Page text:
This site presents a formalization in the Coq proof assistant of slicing and its correctness for a simple language with possible non-termination and runtime errors, and its application to verification.
This work is also detailed in the associated publications.
Static Backward Slicing
Introduced in 1981 by Weiser, static backward slicing is a method which, given an initial program,
computes a simpler program, the slice,
with respect to a slicing criterion, typically a statement.
Informally speaking, the classic soundness property states that in case of normal termination,
the program and its slice have the same behavior.
Formally, in terms of trajectory-based semantics,
if the execution of the original program terminates without error on a given input state,
then the execution of the slice terminates too, and the projections of the trajectories
of both programs are equal.
The classic soundness property presented above does not say anything
about programs containing errors or non-termination. And actually, it does not hold in this
more general case.
Adding more dependencies to keep the classic property at the cost of getting bigger slices is the easiest solution.
We prefer keeping basically the same dependencies, and weakening the soundness property. That is what we call relaxed slicing.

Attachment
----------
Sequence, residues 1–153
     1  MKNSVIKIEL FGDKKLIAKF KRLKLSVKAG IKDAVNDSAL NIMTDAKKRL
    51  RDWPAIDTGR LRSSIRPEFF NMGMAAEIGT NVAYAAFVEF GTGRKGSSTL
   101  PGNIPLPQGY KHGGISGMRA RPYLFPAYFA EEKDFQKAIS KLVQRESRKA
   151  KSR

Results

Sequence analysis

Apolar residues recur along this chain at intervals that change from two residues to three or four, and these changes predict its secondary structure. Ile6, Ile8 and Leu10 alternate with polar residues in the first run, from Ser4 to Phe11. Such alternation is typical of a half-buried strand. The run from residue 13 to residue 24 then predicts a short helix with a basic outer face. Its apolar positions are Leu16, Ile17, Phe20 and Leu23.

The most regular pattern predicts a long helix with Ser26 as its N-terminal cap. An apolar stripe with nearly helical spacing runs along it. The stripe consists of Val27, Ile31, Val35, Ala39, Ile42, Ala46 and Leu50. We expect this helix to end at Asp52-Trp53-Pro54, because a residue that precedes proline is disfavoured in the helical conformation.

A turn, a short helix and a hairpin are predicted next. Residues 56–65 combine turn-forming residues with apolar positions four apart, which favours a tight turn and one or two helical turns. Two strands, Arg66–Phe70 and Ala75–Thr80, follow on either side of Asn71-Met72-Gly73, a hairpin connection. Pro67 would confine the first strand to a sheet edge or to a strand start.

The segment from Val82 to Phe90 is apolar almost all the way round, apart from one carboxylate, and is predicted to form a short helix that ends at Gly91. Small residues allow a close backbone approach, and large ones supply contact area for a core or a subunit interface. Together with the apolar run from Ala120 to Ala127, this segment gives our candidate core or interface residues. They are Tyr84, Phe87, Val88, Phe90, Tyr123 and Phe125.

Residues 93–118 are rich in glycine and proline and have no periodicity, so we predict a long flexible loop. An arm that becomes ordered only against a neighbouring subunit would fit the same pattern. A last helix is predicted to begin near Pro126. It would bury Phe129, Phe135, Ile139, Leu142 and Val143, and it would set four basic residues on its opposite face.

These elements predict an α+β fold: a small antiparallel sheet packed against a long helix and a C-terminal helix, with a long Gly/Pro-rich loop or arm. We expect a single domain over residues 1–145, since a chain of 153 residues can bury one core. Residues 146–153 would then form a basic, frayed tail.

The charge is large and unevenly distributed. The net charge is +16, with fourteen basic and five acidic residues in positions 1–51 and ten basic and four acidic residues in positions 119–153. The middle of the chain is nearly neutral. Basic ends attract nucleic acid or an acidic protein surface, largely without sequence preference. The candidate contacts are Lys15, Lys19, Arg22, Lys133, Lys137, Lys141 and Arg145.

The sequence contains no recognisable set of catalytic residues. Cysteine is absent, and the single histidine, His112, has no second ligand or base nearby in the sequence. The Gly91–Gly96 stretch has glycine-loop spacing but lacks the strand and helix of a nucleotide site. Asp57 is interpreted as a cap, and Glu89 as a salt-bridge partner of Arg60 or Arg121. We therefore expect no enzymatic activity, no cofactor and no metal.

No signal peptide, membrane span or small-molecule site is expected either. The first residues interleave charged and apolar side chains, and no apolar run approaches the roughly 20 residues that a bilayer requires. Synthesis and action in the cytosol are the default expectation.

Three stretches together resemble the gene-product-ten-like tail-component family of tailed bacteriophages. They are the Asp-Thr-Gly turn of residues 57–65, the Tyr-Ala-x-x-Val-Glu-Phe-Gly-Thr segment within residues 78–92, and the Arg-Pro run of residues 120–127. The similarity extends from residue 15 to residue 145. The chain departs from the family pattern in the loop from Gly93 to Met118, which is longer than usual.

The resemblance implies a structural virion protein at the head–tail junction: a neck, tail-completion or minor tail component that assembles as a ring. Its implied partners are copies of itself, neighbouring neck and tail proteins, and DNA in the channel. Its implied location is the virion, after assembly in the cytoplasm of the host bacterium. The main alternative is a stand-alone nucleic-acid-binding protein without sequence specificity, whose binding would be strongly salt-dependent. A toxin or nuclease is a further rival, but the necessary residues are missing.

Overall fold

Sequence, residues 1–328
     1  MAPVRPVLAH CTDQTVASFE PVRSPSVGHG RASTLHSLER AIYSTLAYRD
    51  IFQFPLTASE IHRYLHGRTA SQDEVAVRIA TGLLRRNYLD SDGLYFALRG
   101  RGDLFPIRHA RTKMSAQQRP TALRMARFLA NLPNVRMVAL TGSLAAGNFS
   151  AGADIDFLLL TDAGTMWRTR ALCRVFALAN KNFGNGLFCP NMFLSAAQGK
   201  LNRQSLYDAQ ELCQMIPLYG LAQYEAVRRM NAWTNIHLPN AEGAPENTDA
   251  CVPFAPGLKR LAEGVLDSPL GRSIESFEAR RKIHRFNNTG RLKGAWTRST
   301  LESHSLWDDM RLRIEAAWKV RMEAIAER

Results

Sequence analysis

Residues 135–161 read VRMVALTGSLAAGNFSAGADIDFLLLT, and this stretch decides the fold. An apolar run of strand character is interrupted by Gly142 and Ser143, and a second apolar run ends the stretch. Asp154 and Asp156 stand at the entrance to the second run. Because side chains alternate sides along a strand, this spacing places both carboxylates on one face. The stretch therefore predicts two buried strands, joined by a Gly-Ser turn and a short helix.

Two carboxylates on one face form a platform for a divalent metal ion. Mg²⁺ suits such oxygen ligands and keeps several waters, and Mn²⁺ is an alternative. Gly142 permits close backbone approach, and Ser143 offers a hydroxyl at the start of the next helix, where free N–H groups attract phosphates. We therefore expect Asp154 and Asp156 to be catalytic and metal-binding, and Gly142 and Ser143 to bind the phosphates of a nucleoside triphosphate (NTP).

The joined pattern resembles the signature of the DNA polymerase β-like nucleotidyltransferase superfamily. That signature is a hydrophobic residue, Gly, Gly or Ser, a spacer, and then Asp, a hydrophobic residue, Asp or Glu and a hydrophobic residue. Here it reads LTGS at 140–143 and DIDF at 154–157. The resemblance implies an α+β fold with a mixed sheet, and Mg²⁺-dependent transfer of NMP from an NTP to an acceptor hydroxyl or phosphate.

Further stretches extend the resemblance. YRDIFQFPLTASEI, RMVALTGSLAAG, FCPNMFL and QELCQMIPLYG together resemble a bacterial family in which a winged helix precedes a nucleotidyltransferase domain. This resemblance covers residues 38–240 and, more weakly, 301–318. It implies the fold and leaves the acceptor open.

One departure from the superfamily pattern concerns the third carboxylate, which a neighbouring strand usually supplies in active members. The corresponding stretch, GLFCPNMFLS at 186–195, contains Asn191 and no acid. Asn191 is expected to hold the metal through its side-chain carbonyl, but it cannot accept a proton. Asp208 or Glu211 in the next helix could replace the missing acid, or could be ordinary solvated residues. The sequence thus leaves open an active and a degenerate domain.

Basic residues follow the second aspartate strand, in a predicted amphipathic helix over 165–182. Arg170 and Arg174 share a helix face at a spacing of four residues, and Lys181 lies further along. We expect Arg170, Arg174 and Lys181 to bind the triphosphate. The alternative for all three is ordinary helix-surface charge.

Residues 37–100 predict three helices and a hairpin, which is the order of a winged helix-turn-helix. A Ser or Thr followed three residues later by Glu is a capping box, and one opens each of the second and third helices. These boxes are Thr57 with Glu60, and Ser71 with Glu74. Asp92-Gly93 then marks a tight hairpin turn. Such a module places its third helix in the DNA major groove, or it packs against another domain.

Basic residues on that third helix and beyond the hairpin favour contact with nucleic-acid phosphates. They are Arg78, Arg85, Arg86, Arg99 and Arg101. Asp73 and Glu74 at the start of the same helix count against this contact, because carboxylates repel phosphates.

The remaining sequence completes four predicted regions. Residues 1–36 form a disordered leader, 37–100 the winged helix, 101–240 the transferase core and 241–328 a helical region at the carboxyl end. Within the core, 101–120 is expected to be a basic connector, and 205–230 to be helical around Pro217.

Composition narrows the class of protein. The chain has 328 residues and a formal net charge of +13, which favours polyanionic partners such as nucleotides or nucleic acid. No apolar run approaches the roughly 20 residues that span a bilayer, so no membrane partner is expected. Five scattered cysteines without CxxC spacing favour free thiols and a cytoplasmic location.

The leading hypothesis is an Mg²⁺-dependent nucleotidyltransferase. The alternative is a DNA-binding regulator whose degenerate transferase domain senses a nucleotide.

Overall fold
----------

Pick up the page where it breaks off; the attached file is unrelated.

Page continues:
Theorems for Relaxed Slicing
Relaxed slicing satifies a new soundness property, which states that the projection of the trajectory of the initial program is a prefix of the projection of the trajectory of the slice.
For a given input, if the program terminates without provoking an error, then the projections are equal.
Results for Verification
We can deduce from this theorem two results for verification.
If there are no runtime errors in the slice, then there are none in the original program, in the statements preserved in the slice.
If there is a runtime error in the slice, then
either the same error occurs in the original program, or
another error or an infinite loop caused
by a statement not preserved in the slice
Relaxed slicing has been formalized in the Coq proof assistant for a simple imperative language. The Coq development, available for educational, research or evaluation purposes only, can be found here. You can also browse the documentation online here.